Bible Center School parent says in-person learning is their choice
CHARLESTON, W.Va. (WSAZ) - West Virginia Gov. Jim Justice started his briefing Monday by calling out Bible Center School in Charleston for making the choice to re-open, despite Kanawha County being in orange and nearing red on the color-coded COVID-19 metrics map.
Under orange, counties cannot reopen for in-person instruction. Bible Center School is just one of three private schools in orange counties that opened Monday.
Terra Bird, a mother who has a student at one of those schools, said they made the right call.
She said when she found out the school would begin holding in-person classes starting Monday, she felt it was the right decision, despite Kanawha County being in orange on the state’s color-coded map.
When it comes to my child’s education that should be our choice its my child’s education, if I felt like she was in immediate danger, obviously I would not have sent her in person.
The Kanawha-Charleston Health Department says when the school called last Friday to say they would be allowing kids into the classroom, the health department responded with a strong warning.
Dr. Sherri Young, health officer and executive director of the Kanawha-Charleston Health Department, responded during the weekend, asking them in the strongest of terms not to hold classes because of the definite fear of community spread, according to John Law, a health official in Kanawha County.
The move got the attention of the governor during his briefing Monday.
We have a situation in Kanawha County with Bible Center School, and they are taking it on themselves to just ignore the executive order that the governor has put in place and go back to school.
WSAZ reached out to the Bible Center School to find out why they made the decision to move forward with in-person classes instead of following the state’s plan.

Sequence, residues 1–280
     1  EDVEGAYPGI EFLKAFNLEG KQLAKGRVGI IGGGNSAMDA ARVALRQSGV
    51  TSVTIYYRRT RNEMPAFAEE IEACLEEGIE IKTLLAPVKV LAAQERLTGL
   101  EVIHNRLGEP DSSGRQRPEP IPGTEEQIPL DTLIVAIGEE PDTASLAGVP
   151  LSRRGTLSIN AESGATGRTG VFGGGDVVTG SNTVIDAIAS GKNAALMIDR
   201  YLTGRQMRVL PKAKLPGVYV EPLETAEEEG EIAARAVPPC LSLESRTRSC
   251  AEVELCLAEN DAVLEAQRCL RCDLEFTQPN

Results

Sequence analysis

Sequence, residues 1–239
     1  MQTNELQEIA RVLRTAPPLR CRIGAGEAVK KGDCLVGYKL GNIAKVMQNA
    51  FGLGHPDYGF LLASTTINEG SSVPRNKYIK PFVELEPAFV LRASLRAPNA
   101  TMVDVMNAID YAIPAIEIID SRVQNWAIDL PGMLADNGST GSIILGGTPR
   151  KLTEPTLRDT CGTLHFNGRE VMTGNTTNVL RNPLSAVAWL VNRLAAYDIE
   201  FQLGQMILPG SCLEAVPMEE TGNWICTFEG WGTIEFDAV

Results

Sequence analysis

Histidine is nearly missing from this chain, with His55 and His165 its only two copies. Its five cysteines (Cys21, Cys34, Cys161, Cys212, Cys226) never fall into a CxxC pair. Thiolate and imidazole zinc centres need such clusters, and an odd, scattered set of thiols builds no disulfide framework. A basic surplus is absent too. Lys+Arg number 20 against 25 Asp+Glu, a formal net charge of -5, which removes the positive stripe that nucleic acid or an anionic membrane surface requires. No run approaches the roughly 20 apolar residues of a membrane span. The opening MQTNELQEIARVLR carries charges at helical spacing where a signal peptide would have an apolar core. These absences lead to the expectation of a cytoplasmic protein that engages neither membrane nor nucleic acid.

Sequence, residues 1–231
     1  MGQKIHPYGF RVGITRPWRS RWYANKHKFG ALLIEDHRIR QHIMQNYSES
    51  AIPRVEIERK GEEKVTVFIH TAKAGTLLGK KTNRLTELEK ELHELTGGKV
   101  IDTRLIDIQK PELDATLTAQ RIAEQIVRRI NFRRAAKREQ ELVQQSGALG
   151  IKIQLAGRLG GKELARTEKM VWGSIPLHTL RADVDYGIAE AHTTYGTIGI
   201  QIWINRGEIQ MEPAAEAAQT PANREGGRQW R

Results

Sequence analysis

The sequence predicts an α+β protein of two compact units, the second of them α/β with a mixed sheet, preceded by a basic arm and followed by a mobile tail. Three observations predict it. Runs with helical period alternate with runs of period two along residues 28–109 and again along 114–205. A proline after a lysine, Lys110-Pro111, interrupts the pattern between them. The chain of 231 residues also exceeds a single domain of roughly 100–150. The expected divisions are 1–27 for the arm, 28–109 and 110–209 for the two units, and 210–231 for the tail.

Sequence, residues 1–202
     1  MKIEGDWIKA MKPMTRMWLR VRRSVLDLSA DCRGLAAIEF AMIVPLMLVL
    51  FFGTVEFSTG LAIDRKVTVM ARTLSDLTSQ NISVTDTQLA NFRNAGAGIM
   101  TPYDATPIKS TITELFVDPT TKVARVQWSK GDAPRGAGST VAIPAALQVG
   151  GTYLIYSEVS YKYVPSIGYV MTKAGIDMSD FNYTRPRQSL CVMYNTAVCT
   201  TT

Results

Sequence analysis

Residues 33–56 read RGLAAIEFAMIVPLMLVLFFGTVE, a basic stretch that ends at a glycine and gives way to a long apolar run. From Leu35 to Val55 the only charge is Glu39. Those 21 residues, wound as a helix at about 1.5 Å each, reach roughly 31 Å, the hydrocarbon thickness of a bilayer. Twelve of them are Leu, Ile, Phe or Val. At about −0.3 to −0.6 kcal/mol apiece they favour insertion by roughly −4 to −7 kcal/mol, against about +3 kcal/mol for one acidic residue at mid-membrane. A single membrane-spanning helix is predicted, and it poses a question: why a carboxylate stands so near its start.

They released a statement the reads in part:
Historically, West Virginia has deferred to the judgement of students and teachers and their respected families in instances where private schools choose to deviate from decisions made by public schools. BCS respectfully requests that our great state do the same in this instance.
WSAZ reached back out to the school following remarks by Justice.
The Bible Center School said, "We are going to stick with our original statement as any comment for today.”
For Bird, she stands by the school’s decision and believes in-person learning is best for her daughter.
“If there is a case at the school or we are in the red, then we will come out so again for us as an education that is where we wanted to be and I think we have continued to make the right decision,” Bird said.
Justice said the state is in talks with the school to find common ground before tougher decisions are made, and he is trying to find a balance between an executive order and the school’s religious freedom.
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